It is not essential to have buy-in from everyone to move forward

and progress the change. For a good percentage of people, buy-in and commitment comes later after the results are in. Like change itself, resistance is predictable, inevitable and even necessary but leaders need to consider what resistance is reasonable and deal with it appropriately. They should also consider their own attitudes and behaviours and whether they’re leading their team into change or into resistance.

Develop Emotional Resilience

Transitioning through the phases of change can be uncomfortable and stressful and lead to burnout with lingering difficulties. The antidote is to become more emotionally resilient.

Emotional resilience is about having the mental toughness and emotional strength to cope. It’s about being able to adapt, to last the distance and maintain a sense of wellbeing when facing the adversities of change. Most of all it’s about self-awareness and self-control, taking charge in challenging times, recognising what situations cause stress, being able to make good decisions about how to respond and having

resources to call on for help. Common change-related workplace causes of stress include restructuring, changing roles, implementing new systems and processes, lack of clear direction, customer complaints, ambiguous circumstances and relationship issues with colleagues. The key is for each individual to identify what specifically is causing them stress then recognise the physical, emotional, mental and other reactions that are being triggered. Armed with awareness of their causes of stress and reactions, the next step is to find and acknowledge personal strengths, strategies and resources that can be drawn upon to help them face and deal with these situations successfully. Things like positive self-talk, going for a walk, recalling past positive outcomes, researching best practice, talking with a friend, practicing mindfulness, listening to music and asking a colleague or partner for help are all things that can work.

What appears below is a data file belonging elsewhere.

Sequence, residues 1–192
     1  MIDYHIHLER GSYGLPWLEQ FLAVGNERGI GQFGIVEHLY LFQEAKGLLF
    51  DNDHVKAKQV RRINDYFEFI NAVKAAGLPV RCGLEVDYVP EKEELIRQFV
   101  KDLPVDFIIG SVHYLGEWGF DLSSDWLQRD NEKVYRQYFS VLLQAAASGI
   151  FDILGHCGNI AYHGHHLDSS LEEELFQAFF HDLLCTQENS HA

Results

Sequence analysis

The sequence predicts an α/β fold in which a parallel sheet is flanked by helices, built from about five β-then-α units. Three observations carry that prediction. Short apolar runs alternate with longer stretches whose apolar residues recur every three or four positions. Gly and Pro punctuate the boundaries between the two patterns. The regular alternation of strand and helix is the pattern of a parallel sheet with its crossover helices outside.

Focus on What You can Control and Influence

Nobody likes to feel “done to” and feeling powerless is a common complaint when navigating

through change. It doesn’t help that there’s a tendency for people to spend the majority of their time and energy worrying about and reacting to those things over which they have no control instead of those things they have.

In his famous book “The 7 Habits of Highly Effective People,” Stephen Covey describes a Circle of Concerns which contains all the things people are concerned about. Within that is a Circle of Influence that includes those things that individuals can actually influence and control.

“Be Proactive” is Covey’s first habit

which is about taking initiative and responsibility. People may have no choice about the major changes taking place in their workplace but Covey argues that they do have the freedom to choose how they respond to situations and circumstances and the opportunity to expand their sphere of influence and control. One thing that everyone has control over is their mindset. People can choose a negative, reactive stance to change or take a positive, proactive stance and take control of their own attitudes, behaviours, language and ultimately their results.

Transitioning through the phases of change can be uncomfortable and stressful and lead to burnout with lingering difficulties. The antidote is to become more emotionally resilient.

Conclusion

Successful people and businesses never stand still. Change can be hard but it can also be exciting, invigorating and full of growth and opportunities for those willing and able to embrace it.

ABOUT THE AUTHOR

Linley Watson is founder and managing director of Peak Performance International a leading Australasian people and culture consultancy. She helps business leaders to build peak performing organisations. Linley has a BCom in Marketing and International business and numerous professional accreditations. Contact: linley@peakperformance.com.au., www.peakperformance.com.au